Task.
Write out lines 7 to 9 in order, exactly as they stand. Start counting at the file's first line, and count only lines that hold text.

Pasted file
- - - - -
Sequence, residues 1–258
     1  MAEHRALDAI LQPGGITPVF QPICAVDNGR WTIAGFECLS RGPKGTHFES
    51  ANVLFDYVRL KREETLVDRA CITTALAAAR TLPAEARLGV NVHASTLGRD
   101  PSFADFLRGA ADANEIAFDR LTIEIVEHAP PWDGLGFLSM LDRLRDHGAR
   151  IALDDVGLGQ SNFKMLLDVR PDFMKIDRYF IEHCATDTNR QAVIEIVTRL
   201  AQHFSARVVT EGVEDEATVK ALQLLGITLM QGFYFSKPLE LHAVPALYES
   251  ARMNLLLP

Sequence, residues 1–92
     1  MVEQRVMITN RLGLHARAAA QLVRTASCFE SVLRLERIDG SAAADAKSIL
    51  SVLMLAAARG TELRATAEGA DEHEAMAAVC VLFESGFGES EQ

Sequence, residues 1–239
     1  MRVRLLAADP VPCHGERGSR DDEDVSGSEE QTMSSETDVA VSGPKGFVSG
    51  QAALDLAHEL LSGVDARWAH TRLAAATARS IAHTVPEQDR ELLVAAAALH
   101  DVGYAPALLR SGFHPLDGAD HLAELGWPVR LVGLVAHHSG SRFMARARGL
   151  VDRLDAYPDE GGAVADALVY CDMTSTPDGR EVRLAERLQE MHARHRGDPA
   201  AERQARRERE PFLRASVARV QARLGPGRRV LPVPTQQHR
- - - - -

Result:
   251  ARMNLLLP

Sequence, residues 1–92
     1  MVEQRVMITN RLGLHARAAA QLVRTASCFE SVLRLERIDG SAAADAKSIL